As depicted, core 401 includes two hardware threads 401a and 401b, which may also be referred to as hardware thread slots 401a and 401b. Therefore, software entities, such as an operating system, in one embodiment potentially view processor 400 as four separate processors, i.e., four logical processors or processing elements capable of executing four software threads concurrently. As alluded to above, a first thread is associated with architecture state registers 401a, a second thread is associated with architecture state registers 401b, a third thread may be associated with architecture state registers 402a, and a fourth thread may be associated with architecture state registers 402b. Here, each of the architecture state registers (401a, 401b, 402a, and 402b) may be referred to as processing elements, thread slots, or thread units, as described above. As illustrated, architecture state registers 401a are replicated in architecture state registers 401b, so individual architecture states/contexts are capable of being stored for logical processor 401a and logical processor 401b. In core 401, other smaller resources, such as instruction pointers and renaming logic in allocator and renamer block 430 may also be replicated for threads 401a and 401b. Some resources, such as re-order buffers in reorder/retirement unit 435, ILTB 420, load/store buffers, and queues may be shared through partitioning. Other resources, such as general purpose internal registers, page-table base register(s), low-level data-cache and data-TLB 415, execution unit(s) 440, and portions of out-of-order unit 435 are potentially fully shared.

Processor 400 often includes other resources, which may be fully shared, shared through partitioning, or dedicated by/to processing elements. In FIG. 4, an embodiment of a purely exemplary processor with illustrative logical units/resources of a processor is illustrated. Note that a processor may include, or omit, any of these functional units, as well as include any other known functional units, logic, or firmware not depicted. As illustrated, core 401 includes a simplified, representative out-of-order (OOO) processor core. But an in-order processor may be utilized in different embodiments. The OOO core includes a branch target buffer 420 to predict branches to be executed/taken and an instruction-translation buffer (I-TLB) 420 to store address translation entries for instructions.

Core 401 further includes decode module 425 coupled to fetch unit 420 to decode fetched elements. Fetch logic, in one embodiment, includes individual sequencers associated with thread slots 401a, 401b, respectively. Usually core 401 is associated with a first ISA, which defines/specifies instructions executable on processor 400. Often machine code instructions that are part of the first ISA include a portion of the instruction (referred to as an opcode), which references/specifies an instruction or operation to be performed. Decode logic 425 includes circuitry that recognizes these instructions from their opcodes and passes the decoded instructions on in the pipeline for processing as defined by the first ISA. For example, decoders 425, in one embodiment, include logic designed or adapted to recognize specific instructions, such as transactional instruction. As a result of the recognition by decoders 425, the architecture or core 401 takes specific, predefined actions to perform tasks associated with the appropriate instruction. It is important to note that any of the tasks, blocks, operations, and methods described herein may be performed in response to a single or multiple instructions; some of which may be new or old instructions.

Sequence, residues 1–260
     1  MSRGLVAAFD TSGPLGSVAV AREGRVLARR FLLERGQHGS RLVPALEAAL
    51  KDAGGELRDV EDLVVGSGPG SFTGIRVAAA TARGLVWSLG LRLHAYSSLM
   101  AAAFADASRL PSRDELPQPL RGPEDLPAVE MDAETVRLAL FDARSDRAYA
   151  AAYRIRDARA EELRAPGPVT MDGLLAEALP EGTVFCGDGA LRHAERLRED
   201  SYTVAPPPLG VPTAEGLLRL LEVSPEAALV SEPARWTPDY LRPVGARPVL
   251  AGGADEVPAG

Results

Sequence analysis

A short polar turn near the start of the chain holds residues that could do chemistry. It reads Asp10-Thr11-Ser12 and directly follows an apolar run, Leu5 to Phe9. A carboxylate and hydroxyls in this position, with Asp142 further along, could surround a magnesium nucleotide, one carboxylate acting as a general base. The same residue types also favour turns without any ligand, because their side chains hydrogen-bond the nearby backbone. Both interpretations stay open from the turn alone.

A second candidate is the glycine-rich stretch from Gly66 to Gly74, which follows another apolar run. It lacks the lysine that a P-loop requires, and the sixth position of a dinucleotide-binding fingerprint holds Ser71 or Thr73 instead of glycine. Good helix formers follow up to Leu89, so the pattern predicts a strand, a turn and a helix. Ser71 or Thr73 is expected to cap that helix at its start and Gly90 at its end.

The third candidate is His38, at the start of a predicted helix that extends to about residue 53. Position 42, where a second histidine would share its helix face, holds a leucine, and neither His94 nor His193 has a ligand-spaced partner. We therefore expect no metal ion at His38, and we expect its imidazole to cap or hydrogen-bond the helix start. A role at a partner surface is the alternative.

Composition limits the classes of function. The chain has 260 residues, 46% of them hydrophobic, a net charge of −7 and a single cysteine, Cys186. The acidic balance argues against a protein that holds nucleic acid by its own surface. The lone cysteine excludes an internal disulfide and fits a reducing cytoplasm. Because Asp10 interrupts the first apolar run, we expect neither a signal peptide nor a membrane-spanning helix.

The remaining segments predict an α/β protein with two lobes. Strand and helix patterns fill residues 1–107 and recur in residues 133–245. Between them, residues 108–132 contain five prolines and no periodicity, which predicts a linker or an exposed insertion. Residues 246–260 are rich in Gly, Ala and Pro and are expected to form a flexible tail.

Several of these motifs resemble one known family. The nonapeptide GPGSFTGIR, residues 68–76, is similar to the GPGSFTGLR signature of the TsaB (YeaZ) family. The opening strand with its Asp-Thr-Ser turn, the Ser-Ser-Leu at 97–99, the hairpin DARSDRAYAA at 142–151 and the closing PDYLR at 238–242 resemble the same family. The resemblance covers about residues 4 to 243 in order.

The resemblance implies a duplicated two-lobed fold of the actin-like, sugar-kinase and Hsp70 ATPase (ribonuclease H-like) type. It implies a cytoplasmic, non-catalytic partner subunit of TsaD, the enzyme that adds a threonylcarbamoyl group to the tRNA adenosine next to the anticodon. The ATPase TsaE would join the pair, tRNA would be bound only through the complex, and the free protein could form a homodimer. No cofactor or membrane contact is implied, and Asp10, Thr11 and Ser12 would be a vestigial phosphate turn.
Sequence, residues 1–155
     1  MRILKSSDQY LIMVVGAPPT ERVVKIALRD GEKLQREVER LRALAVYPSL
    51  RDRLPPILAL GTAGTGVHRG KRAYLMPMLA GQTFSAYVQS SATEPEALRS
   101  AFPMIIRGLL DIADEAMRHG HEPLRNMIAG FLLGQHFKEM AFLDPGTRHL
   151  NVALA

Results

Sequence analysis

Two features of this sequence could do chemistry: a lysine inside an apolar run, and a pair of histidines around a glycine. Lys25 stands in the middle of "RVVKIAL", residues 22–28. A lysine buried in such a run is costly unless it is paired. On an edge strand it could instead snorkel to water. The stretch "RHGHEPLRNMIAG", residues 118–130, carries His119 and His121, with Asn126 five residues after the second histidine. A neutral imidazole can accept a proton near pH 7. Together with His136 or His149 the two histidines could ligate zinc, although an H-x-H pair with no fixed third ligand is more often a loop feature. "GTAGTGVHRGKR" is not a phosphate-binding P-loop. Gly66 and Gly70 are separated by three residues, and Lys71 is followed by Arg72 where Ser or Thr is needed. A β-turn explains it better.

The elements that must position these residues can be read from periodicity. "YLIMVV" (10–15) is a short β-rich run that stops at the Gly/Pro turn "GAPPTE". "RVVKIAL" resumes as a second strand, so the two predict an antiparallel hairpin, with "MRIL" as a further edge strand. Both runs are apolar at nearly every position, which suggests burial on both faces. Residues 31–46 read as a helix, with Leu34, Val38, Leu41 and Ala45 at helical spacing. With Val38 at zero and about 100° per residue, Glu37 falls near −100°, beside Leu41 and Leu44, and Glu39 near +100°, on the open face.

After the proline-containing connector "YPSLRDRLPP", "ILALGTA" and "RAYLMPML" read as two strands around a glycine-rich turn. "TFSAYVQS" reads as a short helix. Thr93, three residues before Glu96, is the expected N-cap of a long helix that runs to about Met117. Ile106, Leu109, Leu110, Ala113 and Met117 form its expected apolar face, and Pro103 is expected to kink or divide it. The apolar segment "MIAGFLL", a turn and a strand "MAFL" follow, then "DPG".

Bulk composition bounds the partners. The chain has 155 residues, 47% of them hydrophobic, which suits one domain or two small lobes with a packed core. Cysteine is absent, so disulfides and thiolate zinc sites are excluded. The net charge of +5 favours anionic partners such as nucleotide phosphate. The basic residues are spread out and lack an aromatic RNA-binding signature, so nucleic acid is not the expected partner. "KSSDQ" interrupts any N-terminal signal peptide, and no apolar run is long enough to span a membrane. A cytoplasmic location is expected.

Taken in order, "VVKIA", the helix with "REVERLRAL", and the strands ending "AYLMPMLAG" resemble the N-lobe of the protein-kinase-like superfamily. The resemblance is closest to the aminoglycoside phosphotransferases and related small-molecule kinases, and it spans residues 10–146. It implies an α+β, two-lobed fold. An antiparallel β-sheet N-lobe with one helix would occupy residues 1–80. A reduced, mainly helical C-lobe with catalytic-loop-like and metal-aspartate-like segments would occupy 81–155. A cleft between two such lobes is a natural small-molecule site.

In one example, allocator and renamer block 430 includes an allocator to reserve resources, such as register files to store instruction processing results. However, threads 401a and 401b are potentially capable of out-of-order execution, where allocator and renamer block 430 also reserves other resources, such as reorder buffers to track instruction results. Unit 430 may also include a register renamer to rename program/instruction reference registers to other registers internal to processor 400. Reorder/retirement unit 435 includes components, such as the reorder buffers mentioned above, load buffers, and store buffers, to support out-of-order execution and later in-order retirement of instructions executed out-of-order.

Scheduler and execution unit(s) block 440, in one embodiment, includes a scheduler unit to schedule instructions/operation on execution units. For example, a floating point instruction is scheduled on a port of an execution unit that has an available floating point execution unit. Register files associated with the execution units are also included to store information instruction processing results. Exemplary execution units include a floating point execution unit, an integer execution unit, a jump execution unit, a load execution unit, a store execution unit, and other known execution units.